There can be no doubt that language is a living entity that changes over time. One example of how a language changes is the functional shift. Basically, a functional shift occurs when a word that is already identified and used extensively in one manner begins to acquire a second use that is of a completely different nature in both the spoken and the written word. Here are a couple of examples of how a change in syntax can lead to a functional shifts that over time become acceptable components in the common grammar of the day.
One fairly common occurrence with the event of a functional shift is that a word that is normally identified as a noun beginning to take on usage as a verb, or vice versa. There are a number of examples of this type of functional shift. Commute is only one of many words that can be used as both a verb and a noun today. As a noun, a commute refers to a journey or trip that is taken. As a verb, commute can refer to the act of taking that trip, as well as foregoing something, such as commuting a sentence or an obligation.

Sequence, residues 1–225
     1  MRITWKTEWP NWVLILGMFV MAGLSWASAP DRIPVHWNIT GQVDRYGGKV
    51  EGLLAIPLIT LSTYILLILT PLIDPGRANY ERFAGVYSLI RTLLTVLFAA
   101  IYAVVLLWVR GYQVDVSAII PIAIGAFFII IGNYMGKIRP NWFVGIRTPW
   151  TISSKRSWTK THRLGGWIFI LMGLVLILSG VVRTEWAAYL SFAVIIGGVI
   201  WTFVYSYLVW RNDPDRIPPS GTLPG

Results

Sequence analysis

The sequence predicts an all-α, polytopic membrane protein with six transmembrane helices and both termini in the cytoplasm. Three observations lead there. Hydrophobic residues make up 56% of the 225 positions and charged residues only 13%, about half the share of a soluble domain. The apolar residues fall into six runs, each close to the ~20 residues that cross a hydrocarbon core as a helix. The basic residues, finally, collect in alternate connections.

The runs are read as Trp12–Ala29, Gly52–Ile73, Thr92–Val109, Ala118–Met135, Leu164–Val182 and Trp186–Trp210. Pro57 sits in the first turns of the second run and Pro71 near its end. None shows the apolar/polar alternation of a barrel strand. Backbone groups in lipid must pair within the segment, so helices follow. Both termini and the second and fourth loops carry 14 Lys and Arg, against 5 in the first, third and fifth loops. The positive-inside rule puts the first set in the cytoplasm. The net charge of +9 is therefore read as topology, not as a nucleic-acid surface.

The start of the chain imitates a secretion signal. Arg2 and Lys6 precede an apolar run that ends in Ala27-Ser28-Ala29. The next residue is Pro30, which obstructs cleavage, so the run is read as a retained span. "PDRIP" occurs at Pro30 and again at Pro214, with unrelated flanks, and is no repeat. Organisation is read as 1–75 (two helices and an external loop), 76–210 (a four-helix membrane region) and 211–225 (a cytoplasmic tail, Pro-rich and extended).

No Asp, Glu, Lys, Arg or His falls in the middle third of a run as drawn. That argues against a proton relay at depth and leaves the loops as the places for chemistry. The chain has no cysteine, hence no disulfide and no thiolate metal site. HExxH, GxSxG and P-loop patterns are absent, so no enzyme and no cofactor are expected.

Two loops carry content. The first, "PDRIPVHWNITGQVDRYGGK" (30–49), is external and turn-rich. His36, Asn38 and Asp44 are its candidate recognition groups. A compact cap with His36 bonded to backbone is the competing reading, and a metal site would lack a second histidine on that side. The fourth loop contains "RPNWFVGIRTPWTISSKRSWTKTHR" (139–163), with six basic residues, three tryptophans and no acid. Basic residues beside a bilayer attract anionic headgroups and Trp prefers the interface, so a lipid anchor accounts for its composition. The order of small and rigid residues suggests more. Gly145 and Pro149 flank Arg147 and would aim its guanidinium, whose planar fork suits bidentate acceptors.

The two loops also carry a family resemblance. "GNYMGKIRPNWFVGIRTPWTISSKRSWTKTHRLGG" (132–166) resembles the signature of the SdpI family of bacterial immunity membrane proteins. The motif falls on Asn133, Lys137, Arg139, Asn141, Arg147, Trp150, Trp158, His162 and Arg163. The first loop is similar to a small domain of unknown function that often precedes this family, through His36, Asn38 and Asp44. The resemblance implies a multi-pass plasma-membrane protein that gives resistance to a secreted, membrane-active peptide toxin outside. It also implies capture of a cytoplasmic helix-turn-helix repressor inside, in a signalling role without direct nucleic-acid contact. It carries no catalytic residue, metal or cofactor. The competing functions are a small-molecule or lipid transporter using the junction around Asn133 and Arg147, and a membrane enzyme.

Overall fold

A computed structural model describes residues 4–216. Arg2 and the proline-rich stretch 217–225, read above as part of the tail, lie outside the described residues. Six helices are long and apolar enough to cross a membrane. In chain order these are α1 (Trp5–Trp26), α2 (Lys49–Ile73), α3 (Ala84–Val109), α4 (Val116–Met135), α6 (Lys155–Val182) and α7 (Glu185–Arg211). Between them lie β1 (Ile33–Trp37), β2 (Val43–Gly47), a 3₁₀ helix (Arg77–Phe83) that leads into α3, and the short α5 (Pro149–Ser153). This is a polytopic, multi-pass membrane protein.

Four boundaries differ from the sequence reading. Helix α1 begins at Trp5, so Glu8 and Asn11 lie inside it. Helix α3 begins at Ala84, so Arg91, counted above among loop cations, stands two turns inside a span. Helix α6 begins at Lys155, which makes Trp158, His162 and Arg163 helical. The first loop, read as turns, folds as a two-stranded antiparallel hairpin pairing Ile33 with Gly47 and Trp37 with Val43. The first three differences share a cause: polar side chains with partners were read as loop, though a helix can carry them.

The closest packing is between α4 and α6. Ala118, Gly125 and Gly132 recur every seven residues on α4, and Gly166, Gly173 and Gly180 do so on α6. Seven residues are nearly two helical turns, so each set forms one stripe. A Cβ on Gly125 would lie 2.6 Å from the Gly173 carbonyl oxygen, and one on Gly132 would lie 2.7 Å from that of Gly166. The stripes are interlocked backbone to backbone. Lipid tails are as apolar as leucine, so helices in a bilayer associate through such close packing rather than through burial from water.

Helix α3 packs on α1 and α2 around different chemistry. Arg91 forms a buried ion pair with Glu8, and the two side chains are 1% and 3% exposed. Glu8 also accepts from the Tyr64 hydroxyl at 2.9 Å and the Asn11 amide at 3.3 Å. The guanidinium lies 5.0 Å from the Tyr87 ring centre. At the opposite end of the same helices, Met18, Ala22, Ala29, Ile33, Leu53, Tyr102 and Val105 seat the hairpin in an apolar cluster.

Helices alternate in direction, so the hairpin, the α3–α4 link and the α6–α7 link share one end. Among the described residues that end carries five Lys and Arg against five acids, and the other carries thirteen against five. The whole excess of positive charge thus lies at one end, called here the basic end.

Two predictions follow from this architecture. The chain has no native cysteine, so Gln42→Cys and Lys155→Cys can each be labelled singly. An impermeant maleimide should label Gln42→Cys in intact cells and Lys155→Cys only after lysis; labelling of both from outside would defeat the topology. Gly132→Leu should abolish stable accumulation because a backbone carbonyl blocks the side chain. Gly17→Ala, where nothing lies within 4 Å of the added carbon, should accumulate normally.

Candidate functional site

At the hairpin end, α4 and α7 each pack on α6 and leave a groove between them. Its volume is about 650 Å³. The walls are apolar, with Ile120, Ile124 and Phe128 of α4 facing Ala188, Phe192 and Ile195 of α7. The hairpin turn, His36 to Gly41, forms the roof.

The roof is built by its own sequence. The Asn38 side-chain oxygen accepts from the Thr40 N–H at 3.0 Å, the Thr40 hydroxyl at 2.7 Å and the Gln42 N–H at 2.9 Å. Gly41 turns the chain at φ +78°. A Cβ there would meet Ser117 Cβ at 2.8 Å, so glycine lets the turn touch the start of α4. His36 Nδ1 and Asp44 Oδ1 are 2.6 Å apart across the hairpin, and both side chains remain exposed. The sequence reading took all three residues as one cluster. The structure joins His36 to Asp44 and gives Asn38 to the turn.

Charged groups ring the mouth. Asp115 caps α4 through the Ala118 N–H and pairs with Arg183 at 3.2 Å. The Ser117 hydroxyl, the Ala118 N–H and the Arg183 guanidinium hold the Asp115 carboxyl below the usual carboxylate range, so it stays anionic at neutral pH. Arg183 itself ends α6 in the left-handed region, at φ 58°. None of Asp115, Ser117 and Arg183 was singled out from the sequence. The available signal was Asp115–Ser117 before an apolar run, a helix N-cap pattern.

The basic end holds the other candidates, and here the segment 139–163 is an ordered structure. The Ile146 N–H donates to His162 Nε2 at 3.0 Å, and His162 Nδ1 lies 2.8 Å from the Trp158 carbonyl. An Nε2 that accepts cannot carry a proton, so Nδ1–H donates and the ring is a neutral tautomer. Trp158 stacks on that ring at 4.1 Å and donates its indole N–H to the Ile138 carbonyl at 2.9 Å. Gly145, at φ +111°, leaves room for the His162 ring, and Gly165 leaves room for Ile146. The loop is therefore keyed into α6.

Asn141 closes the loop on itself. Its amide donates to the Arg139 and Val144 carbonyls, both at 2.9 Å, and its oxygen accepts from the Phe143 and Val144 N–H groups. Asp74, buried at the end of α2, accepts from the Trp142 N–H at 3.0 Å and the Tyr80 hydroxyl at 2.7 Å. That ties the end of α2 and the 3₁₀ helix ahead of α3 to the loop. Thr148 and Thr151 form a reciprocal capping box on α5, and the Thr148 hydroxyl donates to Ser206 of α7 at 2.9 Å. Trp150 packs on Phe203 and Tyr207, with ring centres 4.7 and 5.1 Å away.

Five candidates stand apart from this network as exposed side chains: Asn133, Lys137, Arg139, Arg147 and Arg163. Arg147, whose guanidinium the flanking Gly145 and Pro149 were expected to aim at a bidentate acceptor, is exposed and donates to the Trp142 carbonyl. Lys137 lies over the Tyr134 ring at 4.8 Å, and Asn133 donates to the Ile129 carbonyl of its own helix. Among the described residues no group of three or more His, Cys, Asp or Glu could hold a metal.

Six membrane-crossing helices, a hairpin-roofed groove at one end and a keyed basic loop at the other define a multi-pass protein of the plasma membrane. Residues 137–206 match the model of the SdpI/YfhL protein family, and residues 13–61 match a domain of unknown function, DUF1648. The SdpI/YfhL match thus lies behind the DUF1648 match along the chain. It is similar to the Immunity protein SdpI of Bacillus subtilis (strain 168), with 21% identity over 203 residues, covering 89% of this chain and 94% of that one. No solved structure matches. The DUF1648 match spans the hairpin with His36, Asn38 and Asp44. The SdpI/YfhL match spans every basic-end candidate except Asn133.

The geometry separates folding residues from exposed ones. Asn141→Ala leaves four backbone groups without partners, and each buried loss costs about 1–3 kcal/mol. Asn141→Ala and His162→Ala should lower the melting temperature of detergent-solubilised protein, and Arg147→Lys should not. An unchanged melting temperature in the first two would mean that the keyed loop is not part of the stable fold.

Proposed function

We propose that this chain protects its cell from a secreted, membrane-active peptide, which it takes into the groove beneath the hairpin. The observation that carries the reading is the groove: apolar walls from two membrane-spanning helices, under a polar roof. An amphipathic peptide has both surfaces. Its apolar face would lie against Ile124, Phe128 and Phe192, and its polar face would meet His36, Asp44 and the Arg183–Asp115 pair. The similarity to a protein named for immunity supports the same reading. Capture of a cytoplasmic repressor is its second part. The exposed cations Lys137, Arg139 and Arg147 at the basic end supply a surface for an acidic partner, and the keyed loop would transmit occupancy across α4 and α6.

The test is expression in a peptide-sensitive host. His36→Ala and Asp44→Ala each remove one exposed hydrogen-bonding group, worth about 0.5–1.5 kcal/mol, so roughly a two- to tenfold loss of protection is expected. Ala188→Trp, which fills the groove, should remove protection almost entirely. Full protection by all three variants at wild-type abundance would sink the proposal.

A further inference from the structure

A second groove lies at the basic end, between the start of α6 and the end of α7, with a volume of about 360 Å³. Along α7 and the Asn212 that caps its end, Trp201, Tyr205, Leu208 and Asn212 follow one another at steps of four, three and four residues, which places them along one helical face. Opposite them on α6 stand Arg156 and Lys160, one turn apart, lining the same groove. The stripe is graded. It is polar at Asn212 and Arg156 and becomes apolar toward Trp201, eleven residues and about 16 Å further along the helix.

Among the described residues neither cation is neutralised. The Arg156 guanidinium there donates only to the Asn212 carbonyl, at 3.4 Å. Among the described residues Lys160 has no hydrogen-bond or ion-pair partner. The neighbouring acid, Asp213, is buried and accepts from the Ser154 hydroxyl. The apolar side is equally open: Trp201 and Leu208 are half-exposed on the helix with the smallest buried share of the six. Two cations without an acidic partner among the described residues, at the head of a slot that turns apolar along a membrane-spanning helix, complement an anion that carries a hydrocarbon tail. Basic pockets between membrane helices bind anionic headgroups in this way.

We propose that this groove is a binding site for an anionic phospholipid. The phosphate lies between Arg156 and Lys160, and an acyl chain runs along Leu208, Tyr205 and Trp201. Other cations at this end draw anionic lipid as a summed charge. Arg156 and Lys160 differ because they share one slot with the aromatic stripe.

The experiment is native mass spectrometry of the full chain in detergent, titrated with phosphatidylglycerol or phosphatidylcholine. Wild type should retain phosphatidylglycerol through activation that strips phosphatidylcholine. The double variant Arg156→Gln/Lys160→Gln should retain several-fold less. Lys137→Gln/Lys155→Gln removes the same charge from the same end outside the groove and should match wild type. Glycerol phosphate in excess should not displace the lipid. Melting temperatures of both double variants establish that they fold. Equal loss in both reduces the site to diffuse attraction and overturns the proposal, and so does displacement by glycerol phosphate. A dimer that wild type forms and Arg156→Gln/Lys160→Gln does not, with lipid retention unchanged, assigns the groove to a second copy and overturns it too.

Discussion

A functional shift can also occur when a preposition that is normally used in comparisons begins to find usage in the form of a subordinating conjunction. The word “like” is a classic example of this type of metamorphosis. As a preposition, “like” can be used to compare the action of one thing to another. As an example, “he runs like a horse” helps to compare the running habits of one living entity to the running prowess of a different live animal. At the same time, the word “like” may be used to suggest intent. “He sounds like he means it” carries the same meaning as stating “he sounds as if he means it.”
One of the fascinating things about linguistics in general is that the science of languages is a discipline that is forever evolving. No language has ever remained static for very long. As generations pass, words that once held only one meaning and style of usage in the written and spoken word will begin to take on other applications. The occurrence of the functional shift is recognition of that evolution, and one of the characteristics of a living language that keep our chief means of communication exciting and fresh.